The U.S.-based Brookings Institution has established a new infrastructure planning and spending tool aimed at enhancing the place-making framework for spending decisions.
Recently, the think-tank issued a report titled Aligning Investment and Values: How an Economic Value Atlas Can Map Regional Strategies, and a day it later hosted a webinar to offer insights into the strategy.
As explained by Brookings Metro senior fellow Adie Tomer, host of the webinar, the report stems from the realization that the massive injection of infrastructure spending on its way from the Joe Biden administration should be filtered through regional lenses.
The Economic Value Atlas (EVA) process implemented in three participating urban centres, Kansas City, Minneapolis-Saint Paul and Portland, created new organizational strategies for regional investment decision-making.
American communities are dealing with a host of long-term structural conditions as they attempt to boost their economic competitiveness both globally and domestically, Tomer explained, and on top of that, inflation, supply chain problems and other market volatilities have only added to the complexity of the issues they face.
“Now, while those economic conditions are often framed through a national lens, and for really good reasons, each one of them actually touches every single city, town and metropolitan area in different ways,” said Tomer. “We know that places don’t have the same starting points, whether it comes to their industries, their collective expertise across their labour force, or the natural environment where they’re situated.”
The EVA process offers metropolitan leaders guidance in managing the structural conditions to better sync place-based investments with long-term economic goals, he said.
“Simply put, we often make fixed investments in neighbourhoods that can work at odds with our long-range, regional goals,” said Tomer.
U.S. Assistant Secretary of Commerce for Economic Development Alejandra Castillo joined the webinar to offer support for the place-based approach.
“No two regions are alike and it is poor use of federal resources to assume the federal agencies have all the information needed to dictate what industries and capacities should be invested in these regional levels,” said Castillo. “Therefore our place-based approach provides resources for communities to engage in a thoughtful analysis of their own economic development and growth assets.”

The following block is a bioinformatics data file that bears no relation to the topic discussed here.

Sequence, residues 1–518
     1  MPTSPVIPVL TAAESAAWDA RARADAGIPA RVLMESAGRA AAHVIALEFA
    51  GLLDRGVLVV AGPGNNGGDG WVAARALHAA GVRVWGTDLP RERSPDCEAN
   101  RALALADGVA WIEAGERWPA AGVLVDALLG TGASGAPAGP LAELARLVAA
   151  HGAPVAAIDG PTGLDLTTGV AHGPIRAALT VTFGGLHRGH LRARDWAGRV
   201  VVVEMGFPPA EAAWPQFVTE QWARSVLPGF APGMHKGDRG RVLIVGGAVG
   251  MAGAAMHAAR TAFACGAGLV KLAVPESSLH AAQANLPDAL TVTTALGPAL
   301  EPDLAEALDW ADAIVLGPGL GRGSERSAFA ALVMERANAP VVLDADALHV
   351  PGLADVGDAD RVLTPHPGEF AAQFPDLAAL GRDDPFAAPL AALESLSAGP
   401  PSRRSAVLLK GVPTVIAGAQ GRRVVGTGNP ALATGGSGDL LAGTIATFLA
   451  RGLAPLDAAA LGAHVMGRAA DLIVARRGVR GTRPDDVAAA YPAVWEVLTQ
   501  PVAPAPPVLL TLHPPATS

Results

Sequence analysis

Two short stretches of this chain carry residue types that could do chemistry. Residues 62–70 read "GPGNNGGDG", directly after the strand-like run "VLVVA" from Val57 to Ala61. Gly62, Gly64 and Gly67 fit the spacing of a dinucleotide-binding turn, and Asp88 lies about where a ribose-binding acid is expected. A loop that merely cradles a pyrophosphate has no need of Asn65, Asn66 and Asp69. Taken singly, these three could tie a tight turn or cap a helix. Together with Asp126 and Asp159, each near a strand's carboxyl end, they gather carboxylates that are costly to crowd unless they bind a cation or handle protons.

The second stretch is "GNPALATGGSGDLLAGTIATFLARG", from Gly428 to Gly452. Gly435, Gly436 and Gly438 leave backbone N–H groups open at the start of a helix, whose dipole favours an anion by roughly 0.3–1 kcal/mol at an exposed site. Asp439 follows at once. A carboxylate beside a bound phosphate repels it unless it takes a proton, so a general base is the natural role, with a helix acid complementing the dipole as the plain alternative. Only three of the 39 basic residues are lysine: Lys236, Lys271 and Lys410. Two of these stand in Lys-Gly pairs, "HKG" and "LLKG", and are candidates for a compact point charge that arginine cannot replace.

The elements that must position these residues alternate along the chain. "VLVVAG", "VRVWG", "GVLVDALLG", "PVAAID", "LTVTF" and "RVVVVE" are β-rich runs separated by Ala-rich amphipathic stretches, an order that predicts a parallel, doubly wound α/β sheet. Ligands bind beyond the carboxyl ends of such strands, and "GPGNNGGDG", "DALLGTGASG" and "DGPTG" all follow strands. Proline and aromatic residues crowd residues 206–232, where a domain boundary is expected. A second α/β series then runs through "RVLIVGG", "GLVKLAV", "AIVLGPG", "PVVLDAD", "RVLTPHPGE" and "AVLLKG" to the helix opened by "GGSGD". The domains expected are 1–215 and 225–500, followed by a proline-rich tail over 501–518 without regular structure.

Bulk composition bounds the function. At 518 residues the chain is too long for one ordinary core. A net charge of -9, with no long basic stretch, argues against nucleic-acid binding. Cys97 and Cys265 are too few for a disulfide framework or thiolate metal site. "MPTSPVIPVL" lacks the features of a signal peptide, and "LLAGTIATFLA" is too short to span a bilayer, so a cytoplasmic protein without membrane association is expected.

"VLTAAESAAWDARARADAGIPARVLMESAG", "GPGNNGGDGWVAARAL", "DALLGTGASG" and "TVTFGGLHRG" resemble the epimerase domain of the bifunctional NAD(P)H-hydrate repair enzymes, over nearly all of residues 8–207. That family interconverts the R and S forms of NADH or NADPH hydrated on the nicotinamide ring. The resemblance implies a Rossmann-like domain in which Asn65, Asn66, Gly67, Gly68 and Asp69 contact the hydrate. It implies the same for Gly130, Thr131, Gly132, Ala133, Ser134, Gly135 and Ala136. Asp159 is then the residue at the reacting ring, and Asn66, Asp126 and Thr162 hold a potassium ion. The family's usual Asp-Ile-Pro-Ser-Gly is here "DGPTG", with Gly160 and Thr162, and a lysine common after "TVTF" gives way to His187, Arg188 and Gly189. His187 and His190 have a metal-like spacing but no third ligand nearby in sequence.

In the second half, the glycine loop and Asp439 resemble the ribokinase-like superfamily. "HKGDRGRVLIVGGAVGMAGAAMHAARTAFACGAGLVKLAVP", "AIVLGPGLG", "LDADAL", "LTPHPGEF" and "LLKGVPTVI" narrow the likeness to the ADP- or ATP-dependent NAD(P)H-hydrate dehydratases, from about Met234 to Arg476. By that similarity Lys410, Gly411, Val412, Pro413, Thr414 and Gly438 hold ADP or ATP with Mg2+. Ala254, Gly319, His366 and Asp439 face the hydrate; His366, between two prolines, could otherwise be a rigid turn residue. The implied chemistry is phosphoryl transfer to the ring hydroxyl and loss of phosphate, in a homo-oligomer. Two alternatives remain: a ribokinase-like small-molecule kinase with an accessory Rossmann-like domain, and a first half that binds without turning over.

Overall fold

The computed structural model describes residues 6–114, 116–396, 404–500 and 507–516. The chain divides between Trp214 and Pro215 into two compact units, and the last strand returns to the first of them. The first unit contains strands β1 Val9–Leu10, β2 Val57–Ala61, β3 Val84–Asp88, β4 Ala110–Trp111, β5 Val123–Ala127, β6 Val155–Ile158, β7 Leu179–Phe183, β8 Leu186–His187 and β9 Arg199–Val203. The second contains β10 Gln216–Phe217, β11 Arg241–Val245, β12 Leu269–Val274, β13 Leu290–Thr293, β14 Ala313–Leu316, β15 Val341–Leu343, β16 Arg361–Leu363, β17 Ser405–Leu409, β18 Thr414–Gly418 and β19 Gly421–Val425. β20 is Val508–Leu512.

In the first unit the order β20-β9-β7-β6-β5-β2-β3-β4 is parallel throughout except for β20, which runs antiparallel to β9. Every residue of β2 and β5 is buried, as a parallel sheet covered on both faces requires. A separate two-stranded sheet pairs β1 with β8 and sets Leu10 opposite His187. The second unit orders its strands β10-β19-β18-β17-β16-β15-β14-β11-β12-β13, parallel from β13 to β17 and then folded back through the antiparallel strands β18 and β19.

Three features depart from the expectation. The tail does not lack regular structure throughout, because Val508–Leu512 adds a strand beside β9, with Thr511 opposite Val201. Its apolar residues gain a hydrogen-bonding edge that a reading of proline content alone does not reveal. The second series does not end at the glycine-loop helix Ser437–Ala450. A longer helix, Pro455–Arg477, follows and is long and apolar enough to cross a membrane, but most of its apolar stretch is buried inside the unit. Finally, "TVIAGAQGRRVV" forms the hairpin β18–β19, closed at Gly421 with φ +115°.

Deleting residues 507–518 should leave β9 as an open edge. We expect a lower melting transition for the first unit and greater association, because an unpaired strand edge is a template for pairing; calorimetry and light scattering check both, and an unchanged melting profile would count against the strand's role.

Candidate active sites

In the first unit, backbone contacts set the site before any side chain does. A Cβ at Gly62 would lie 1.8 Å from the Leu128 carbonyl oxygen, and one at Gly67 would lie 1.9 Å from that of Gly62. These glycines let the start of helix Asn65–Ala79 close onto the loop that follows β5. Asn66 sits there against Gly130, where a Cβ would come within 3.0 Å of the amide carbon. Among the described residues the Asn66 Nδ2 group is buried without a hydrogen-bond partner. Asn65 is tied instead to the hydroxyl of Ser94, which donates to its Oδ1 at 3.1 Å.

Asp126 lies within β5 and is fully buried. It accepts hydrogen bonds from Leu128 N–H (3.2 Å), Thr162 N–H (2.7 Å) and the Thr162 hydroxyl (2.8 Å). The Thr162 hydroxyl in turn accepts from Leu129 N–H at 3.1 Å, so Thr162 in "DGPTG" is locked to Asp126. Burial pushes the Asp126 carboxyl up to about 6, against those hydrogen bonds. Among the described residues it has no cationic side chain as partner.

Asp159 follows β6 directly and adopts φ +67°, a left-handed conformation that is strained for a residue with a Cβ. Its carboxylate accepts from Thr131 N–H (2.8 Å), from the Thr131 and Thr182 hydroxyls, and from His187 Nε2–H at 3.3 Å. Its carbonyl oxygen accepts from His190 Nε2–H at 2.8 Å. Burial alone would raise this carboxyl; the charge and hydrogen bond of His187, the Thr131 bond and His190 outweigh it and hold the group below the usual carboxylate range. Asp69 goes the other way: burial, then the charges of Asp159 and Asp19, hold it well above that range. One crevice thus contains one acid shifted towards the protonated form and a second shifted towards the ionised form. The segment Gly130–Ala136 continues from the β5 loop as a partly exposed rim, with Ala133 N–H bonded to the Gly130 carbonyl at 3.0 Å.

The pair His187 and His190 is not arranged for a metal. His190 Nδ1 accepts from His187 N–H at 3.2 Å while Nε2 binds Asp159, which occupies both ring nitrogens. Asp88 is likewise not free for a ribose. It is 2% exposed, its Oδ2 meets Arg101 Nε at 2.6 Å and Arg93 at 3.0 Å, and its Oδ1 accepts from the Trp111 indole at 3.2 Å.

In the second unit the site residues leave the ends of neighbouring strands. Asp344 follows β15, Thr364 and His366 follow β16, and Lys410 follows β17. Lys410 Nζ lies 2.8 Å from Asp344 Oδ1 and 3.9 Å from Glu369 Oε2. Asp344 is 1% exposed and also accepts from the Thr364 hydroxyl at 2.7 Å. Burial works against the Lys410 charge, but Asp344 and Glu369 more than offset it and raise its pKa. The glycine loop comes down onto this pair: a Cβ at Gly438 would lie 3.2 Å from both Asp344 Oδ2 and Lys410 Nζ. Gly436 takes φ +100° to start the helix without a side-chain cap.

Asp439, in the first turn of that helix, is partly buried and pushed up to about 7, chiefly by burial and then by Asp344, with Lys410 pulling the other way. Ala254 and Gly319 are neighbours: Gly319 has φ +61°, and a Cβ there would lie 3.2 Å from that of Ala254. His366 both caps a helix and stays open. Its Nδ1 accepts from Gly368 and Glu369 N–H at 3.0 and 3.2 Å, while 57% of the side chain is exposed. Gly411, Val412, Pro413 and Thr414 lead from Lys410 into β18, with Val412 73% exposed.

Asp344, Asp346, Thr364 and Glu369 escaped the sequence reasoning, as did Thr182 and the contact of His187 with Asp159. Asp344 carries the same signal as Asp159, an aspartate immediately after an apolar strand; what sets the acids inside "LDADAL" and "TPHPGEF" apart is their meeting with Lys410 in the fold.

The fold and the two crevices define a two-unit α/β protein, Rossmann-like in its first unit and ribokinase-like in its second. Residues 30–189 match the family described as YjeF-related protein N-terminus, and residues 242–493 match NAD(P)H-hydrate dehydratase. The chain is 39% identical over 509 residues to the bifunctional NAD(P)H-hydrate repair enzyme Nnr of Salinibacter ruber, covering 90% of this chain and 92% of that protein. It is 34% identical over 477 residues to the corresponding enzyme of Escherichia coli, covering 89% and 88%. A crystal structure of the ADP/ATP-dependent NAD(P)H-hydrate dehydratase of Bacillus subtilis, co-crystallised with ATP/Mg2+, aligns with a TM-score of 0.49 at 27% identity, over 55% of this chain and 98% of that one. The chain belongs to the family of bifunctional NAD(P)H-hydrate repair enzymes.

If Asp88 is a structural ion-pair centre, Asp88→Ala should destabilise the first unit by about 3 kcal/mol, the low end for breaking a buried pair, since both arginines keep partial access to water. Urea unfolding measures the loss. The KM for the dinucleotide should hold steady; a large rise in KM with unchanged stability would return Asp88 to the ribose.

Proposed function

The EVA framework involves creating a broad-based leadership team that “sets a stakeholder table with a diverse collection of regional voices”; establishing a research team; setting up a coding and software team that will benchmark neighbourhood performance relative to regional goals; and embarking on a process through which the leadership team works with government and civic leaders to guide policy and investment decisions using EVA outputs.
During the 18 months the EVA program was set up, Portland’s EVA helped create an Equitable Development Index, which advised on a future light rail investment and a region-wide ballot initiative.
In Kansas City, regional planners are using an EVA to enhance a competitive grant program.
Panellist Elissa Gertler, director of planning and development for Oregon Metro, noted the Portland region has a long history of collaboration among stakeholders to address complex challenges, and that tradition will be relied on to take advantage of today’s emerging opportunities given that they are “not something any of us can do alone.”
Local sectors that will benefit from federal Economic Development Administration support are Portland’s historic black neighbourhood and the mass timber manufacturing sector.
The Black community has “suffered more gentrification, displacement and environmental injustice than anywhere else in our region,” said Gertler, and federal support will be directed to community-driven public investment models.
Kansas City offers investors low costs, said Sheri Gonzales, director of KC Rising, but when the city is compared to others of similar size it is often outpaced economically because “their highs are higher.”
The local challenge is to effectively make the transition from low value to high value industries, said Gonzales, and that is where federal investments can pay dividends.
“We want to make sure that we are placed where we are attracting and retaining the business and the talent that is bringing those high value industries,” she said.
Twin Cities director of community development Lisa Barajas described how data-based climate change research came into play as the region studied the tree canopy with nature conservancy partners and it was realized that not all citizens living in poverty lived in areas of concentrated poverty.
Policies were needed to ensure climate equity, it was realized.
“So we really needed to pull that apart more and be more granular,” said Barajas.
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